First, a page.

Report blames employer discrimination for lack of social mobility for members of Britain’s ethnic minority groups.
London, UK – On an east London high street, children flock to the Ministry of Stories, a place where they can hone their writing skills.
Nick Hornby, a best-selling novelist, is behind the mentoring programme.
“Every measurement of success and poverty indicators show that literacy is at the heart of it. We think we can improve the future lives of disadvantaged children,” Hornby said.
Novelists such as Zadie Smith and Sophie Kinsella serve as patrons for the programme.
The writing centre, hidden behind the quirky Hoxton Street Monster Supplies shop, provides after-school writing activities to children in the neighbourhood.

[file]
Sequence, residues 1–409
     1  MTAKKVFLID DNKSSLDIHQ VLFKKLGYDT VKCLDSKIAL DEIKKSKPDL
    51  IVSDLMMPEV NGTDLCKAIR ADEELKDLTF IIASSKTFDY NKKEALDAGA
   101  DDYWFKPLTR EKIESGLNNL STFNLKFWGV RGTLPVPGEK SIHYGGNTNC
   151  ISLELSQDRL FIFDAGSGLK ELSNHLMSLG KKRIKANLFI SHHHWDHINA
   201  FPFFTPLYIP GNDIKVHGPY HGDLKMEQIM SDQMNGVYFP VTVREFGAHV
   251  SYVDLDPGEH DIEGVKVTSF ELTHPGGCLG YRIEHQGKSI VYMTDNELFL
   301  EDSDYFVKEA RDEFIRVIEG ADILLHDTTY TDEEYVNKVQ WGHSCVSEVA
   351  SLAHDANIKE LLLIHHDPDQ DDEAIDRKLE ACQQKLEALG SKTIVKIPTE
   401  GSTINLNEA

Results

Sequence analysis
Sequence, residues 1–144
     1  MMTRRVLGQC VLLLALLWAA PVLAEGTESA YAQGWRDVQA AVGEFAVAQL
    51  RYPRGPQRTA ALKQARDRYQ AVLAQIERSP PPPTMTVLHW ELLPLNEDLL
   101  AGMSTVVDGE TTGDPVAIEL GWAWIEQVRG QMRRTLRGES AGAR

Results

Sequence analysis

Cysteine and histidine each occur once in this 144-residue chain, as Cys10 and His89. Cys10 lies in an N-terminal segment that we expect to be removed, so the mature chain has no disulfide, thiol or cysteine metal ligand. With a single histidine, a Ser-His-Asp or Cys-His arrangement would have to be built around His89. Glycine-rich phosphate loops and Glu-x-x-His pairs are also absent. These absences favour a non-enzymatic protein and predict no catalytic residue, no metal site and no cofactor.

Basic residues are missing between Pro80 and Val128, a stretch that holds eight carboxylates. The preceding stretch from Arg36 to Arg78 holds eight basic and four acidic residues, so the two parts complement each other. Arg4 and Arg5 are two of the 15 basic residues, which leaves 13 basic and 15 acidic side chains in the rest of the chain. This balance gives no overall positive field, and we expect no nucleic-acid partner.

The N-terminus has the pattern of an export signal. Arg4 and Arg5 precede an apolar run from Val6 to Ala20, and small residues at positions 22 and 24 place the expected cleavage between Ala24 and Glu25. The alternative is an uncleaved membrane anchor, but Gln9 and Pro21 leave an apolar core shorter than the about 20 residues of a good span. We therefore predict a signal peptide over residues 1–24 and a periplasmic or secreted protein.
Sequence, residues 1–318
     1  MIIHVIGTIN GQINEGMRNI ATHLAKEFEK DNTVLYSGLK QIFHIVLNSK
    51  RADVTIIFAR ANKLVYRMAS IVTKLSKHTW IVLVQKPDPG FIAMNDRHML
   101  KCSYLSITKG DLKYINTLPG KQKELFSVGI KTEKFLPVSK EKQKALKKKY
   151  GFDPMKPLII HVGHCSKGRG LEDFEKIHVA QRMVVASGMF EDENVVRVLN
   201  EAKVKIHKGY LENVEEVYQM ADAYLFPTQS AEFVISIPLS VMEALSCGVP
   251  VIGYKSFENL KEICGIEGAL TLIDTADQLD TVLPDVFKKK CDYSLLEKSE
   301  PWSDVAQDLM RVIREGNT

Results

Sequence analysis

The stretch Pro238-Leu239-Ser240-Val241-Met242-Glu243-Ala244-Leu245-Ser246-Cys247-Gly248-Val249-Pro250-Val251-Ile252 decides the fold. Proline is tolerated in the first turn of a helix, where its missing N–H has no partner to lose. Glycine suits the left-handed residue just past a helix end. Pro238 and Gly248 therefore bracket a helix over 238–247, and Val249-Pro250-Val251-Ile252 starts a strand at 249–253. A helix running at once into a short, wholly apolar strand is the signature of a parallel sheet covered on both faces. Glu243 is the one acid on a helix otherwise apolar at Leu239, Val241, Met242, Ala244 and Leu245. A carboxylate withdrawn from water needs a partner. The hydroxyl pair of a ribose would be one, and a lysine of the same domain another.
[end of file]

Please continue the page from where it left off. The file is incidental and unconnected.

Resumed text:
Many of the students do not speak English at home and come from low-income backgrounds.
“They may have a grandparent in Nigeria or … Colombia. They represent the rich tapestry of London life and they can draw on that,” said Emma Joliffe, the centre’s creative learning manager.
The idea has gained traction and, now, interest is pouring in from around the world, from groups hoping to set up their own ministries of stories.
Follow Jessica Baldwin on Twitter: @jessicambaldwin